New Yorkers and the 50 million people who visit the Big Apple each year have been able to pick up a toy or two at FAO Schwarz since 1870. That streak will come to an end on July 15, when Toys”R”Us, which has owned the brand since 2009, shuts down its flagship location on New York’s Fifth Avenue near the southeast corner of Central Park.
There will, however, still be an FAO Schwarz boutique inside the Toys”R”Us, store in Times Square, a popular destination for tourists with kids, mostly because of the indoor Ferris wheel located there.
Schwarz, America’s oldest toy store, won’t have its own standalone location in Manhattan, however, until the company finds a cheaper place to rent, which is not expected to be until late 2016.
The high rental prices and the proliferation of cheaper online alternatives are what drove Toys”R”Us to finally close the doors of the current spot, which is located not so far from Central Park and has served a the brand’s flagship store for close to 30 years. According to Crain’s New York, Schwarz has been searching in the Times Square area for a better deal than its is current rent of $300 per-square-foot. Its current location should be able to pull in $2,000 per square foot from a new renter, Crain’s estimates.
The store gets jammed during holiday season, and has had up to 40 other locations around the country over the years, the New York Times reports. But each one has shut down in recent years to be replaced by the boutiques inside Toys “R”Us stores.
As Toys”R”Us notes on its corporate website,
Today, FAO Schwarz is not only the oldest toy store in the United States, but one of the oldest retail establishments of any kind. It has evolved from a toy store to a must-see tourist destination, and continues to be well-known for high-quality merchandise and timeless treasures. Throughout its more than 150 years, FAO Schwarz has carried on the tradition of serving as a stage to introduce new and exciting products to consumers.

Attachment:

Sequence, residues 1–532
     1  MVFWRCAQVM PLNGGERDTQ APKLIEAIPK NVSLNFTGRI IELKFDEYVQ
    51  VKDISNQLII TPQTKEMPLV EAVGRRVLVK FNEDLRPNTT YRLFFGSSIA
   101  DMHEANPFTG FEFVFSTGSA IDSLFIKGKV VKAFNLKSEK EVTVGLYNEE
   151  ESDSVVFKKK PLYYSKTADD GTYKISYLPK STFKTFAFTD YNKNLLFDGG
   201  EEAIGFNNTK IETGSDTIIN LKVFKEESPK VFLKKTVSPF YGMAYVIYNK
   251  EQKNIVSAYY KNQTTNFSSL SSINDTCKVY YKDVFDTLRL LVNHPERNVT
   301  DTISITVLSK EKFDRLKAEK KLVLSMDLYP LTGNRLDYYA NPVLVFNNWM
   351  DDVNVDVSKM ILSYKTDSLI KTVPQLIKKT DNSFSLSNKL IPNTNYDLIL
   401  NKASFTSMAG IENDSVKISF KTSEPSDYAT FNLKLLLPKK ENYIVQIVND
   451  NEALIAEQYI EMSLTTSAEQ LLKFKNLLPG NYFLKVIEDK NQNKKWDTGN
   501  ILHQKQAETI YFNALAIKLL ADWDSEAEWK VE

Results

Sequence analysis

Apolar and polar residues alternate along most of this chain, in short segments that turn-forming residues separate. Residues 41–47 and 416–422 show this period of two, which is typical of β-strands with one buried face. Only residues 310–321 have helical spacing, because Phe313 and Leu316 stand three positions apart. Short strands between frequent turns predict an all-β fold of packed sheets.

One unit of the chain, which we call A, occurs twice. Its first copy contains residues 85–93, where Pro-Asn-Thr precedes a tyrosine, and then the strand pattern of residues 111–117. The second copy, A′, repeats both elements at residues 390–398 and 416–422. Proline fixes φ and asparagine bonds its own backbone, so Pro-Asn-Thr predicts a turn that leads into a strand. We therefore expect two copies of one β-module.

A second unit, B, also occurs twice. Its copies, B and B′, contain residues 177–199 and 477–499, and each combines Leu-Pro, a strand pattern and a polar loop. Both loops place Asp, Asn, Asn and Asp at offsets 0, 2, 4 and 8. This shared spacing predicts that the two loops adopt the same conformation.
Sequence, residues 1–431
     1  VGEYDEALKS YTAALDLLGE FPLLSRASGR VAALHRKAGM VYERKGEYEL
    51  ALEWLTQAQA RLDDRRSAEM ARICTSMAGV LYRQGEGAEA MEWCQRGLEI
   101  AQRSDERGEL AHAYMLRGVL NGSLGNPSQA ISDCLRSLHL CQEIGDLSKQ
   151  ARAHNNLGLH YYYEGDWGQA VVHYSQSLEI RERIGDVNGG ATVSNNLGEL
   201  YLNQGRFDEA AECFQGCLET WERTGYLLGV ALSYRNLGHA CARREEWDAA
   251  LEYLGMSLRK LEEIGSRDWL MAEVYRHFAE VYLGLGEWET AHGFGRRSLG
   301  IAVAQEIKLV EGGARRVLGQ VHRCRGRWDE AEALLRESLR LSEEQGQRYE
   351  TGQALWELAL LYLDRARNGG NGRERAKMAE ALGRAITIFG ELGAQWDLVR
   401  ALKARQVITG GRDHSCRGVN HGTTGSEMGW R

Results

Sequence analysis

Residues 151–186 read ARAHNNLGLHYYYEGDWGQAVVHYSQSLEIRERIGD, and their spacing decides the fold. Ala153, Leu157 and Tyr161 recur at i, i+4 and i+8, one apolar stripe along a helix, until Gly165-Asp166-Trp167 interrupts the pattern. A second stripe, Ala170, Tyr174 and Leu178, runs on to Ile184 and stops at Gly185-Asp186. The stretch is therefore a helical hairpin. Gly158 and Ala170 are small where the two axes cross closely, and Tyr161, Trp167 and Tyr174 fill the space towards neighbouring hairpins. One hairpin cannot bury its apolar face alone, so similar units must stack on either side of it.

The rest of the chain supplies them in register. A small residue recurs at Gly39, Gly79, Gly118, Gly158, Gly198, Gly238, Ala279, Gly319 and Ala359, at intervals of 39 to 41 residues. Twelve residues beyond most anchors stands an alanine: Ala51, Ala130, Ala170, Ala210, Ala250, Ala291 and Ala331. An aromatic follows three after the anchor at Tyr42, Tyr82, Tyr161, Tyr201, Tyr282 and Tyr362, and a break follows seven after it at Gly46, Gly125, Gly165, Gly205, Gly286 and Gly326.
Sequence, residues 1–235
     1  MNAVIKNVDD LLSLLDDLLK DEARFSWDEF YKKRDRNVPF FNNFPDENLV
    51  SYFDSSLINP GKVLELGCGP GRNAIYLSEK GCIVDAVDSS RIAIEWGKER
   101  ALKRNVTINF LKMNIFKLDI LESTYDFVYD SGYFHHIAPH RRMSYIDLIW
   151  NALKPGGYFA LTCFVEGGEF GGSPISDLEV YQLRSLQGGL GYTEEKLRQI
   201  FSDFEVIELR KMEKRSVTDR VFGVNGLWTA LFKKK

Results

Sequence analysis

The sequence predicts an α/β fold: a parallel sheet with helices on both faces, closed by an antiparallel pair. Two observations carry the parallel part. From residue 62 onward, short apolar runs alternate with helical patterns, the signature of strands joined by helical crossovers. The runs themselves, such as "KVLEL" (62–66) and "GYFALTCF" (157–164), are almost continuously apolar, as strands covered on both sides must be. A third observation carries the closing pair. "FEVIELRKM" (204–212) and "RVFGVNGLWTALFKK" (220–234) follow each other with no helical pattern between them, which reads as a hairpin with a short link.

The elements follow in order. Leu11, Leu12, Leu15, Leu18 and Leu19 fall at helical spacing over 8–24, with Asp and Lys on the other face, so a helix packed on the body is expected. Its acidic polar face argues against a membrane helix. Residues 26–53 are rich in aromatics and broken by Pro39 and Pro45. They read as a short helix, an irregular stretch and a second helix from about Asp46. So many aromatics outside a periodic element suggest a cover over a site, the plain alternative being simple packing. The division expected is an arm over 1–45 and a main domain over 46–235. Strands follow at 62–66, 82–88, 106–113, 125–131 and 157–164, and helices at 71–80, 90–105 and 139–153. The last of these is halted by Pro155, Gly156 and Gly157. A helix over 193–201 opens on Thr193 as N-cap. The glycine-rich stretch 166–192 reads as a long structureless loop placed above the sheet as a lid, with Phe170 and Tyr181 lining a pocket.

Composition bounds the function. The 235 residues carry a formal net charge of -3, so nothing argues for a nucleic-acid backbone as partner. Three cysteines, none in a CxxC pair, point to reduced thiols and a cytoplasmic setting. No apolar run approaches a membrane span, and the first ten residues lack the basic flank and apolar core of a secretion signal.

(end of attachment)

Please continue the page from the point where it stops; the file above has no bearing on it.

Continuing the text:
A pop culture icon for generations, the flagship store in New York City draws thousands of visitors each year who come to witness the magic and wonder of FAO Schwarz. Through the ages, it has been the subject of classic depictions of kids and kids-at-heart, including a 1930s cartoon in The New Yorker and starring roles in countless major motion pictures – perhaps none more renowned than BIG in 1988, in which actors Tom Hanks and Robert Loggia dance on the store’s giant foot piano. Most recently, in 2011, the store was prominently featured in the first live action, 3D film dedicated to The Smurfs.
It’s BIG that’s most associated with its legacy, as tourist still pile into the location to recreate the scene. It has become so much a part of Hanks’ legacy that 25 years later, when he appeared on a Hispanic talk show, a humongous piano was rolled out so he could take another crack at it.
Since the news came out about the store’s looming closure, fans have been posting video tours and sharing old memories about the place.
While Toys”R”Us has been around since 1948 and is ranked in the Top 25 of Forbes’s list America’s top private companies, it doesn’t evoke the same kind of love that Schwarz does. Meanwhile, London-based Hamleys, the world’s oldest and biggest toy store, has been owned by French toy retailer Groupe Ludendo since 2012, when it was sold for $93.9 million.